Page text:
It must be 30 years ago when I first read an article in The Wall Street Journal about a man in my hometown who was a snail farmer. It obviously made a lasting impression and was something I thought about frequently.

Heliculture is one of the names for the breeding of snails and there are different types of snails which one can rear. For human consumption the land snails are the ones I will be referring to in this post.

Although it is easy to think of the snail as only a pest which eats your leaves in the garden, these have been a food source in many countries for thousands of years. Even now it is still consumed in Europe and Africa and imported to the USA.

So what does it entail raising snails?

Similar things as with any livestock, an enclosure, food, and a market to sell them. I've look on the internet for various pens and other types of enclosures and there are many methods. Some people use a shallow (about 2' high ) pen. See the video below. The problem with this method is the chance of escape. Having your livestock eat your crops is counter productive, as you can imagine. Giving your snails a healthy and nutritious environment will keep the where you want them. 

Many people use a strip of copper banding across the top to keep the snails from climbing out of their enclosures.

I have also seen people who have the equivalent of a poly tunnel with snails in them.

One of my favorites is this lady in Africa in the video below. She just puts hers in plastic bowls. She says these are the perfect livestock as they don't stink and they don't make noise.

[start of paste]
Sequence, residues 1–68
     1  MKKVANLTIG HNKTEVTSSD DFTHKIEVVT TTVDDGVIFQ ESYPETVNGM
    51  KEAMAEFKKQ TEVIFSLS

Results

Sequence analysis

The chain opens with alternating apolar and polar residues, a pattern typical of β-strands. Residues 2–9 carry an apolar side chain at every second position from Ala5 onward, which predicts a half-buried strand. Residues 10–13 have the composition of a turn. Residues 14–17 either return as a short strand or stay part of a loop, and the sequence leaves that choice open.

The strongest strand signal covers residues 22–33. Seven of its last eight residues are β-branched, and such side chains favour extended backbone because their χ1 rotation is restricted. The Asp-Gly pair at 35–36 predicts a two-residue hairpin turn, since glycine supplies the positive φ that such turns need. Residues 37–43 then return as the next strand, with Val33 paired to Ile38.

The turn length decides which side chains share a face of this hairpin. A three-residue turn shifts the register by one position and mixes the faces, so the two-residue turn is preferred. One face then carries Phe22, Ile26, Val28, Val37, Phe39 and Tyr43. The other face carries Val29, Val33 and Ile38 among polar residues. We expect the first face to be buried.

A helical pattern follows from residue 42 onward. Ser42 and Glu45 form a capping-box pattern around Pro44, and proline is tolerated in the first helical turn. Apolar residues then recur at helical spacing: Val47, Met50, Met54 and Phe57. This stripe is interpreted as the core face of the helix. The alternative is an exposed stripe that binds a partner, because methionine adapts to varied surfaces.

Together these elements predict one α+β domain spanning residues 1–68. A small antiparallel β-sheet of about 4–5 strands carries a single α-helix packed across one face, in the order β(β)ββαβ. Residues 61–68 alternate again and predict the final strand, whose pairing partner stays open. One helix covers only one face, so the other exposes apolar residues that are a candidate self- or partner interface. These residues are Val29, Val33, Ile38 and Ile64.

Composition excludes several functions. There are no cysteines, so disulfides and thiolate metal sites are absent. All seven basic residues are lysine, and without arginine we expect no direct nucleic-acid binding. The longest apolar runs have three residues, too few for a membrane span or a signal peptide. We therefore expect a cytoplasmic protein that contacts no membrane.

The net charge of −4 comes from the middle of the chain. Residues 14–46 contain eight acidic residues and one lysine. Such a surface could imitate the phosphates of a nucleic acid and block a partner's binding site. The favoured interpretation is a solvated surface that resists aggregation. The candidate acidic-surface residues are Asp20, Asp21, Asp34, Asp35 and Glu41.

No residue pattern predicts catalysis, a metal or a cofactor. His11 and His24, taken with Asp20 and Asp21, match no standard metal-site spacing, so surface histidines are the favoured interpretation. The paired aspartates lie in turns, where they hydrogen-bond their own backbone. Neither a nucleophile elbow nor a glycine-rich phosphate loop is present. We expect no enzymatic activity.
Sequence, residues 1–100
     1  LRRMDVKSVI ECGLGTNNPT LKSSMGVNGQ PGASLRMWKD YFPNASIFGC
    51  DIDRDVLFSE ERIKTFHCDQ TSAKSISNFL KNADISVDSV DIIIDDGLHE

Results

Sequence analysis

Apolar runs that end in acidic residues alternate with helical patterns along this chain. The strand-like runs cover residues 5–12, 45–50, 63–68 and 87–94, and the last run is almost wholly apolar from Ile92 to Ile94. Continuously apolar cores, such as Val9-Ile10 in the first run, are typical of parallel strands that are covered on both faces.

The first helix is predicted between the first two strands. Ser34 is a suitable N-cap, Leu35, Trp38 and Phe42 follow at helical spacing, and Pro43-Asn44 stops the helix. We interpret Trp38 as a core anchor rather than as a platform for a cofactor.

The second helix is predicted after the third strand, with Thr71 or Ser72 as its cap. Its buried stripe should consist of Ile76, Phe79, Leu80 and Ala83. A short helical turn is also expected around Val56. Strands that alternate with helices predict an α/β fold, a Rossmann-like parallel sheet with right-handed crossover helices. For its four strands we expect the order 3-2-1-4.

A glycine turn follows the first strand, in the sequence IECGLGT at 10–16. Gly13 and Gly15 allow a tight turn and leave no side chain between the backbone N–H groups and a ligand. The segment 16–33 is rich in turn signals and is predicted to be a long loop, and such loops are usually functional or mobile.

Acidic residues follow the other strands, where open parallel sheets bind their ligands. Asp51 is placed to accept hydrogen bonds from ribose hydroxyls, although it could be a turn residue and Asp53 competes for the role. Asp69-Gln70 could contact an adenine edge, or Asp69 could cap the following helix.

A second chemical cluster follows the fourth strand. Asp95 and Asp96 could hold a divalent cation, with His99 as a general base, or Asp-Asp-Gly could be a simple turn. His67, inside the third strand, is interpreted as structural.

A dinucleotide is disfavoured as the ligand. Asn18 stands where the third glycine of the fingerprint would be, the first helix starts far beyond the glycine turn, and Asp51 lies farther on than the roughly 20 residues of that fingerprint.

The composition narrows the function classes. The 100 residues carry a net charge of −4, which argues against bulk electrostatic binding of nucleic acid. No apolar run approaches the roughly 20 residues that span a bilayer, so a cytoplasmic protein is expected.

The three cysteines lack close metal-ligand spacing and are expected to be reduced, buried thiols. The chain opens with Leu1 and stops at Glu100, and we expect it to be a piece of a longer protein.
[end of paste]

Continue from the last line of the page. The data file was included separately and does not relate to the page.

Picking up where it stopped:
Take a look at  two different methods used. 




Although snails may be easy to care for and may seem like the perfect livestock, you have to have a market for them.

Where I live in Brazil, this was promoted as a viable farm options some years ago. Unfortunately what happened is people became disillusioned and gave up, releasing their snails which of course wreaked havoc on the local area.  In the USA, there is a pest problem with the giant land snail as a result of them being imported as a potential money maker. 

Every year where I live there is an annual 'Escargot Festival' which I assume was started by the French who moved here. However, the population and demand for snails isn't enough to sustain a year round production of snails.


I think to have livestock where there is a constant market for, you have to be raising something which the local population are willing to eat and pay for. This is why the woman in the video will probably make a success of her business. She is in an area where they are familiar with eating land snails and there is a need for additional protein in their diets.


Before beginning a snail farm, you need to know more about the types of snails available to you, your potential market and the soil conditions required to raise your snails to the optimum weight in the shortest possible times.  


Picture
By J. Patrick Fischer (photo selfmade) [GFDL (http://www.gnu.org/copyleft/fdl.html), CC-BY-SA-3.0 (http://creativecommons.org/licenses/by-sa/3.0/) or CC BY 2.5 (http://creativecommons.org/licenses/by/2.5)], via Wikimedia Commons
 


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